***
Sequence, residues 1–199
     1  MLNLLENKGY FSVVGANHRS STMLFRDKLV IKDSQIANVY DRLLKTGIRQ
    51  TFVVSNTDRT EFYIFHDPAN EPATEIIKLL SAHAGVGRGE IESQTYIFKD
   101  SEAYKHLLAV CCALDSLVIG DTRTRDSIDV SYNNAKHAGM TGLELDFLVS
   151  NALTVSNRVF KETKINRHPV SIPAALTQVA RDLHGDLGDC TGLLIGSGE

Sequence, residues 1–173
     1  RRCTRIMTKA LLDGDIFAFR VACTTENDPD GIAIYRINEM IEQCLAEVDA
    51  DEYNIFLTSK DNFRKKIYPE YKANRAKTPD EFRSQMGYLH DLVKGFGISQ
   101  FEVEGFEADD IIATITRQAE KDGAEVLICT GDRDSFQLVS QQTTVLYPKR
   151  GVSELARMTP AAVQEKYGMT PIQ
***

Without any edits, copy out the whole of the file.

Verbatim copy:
Sequence, residues 1–199
     1  MLNLLENKGY FSVVGANHRS STMLFRDKLV IKDSQIANVY DRLLKTGIRQ
    51  TFVVSNTDRT EFYIFHDPAN EPATEIIKLL SAHAGVGRGE IESQTYIFKD
   101  SEAYKHLLAV CCALDSLVIG DTRTRDSIDV SYNNAKHAGM TGLELDFLVS
   151  NALTVSNRVF KETKINRHPV SIPAALTQVA RDLHGDLGDC TGLLIGSGE

Sequence, residues 1–173
     1  RRCTRIMTKA LLDGDIFAFR VACTTENDPD GIAIYRINEM IEQCLAEVDA
    51  DEYNIFLTSK DNFRKKIYPE YKANRAKTPD EFRSQMGYLH DLVKGFGISQ
   101  FEVEGFEADD IIATITRQAE KDGAEVLICT GDRDSFQLVS QQTTVLYPKR
   151  GVSELARMTP AAVQEKYGMT PIQ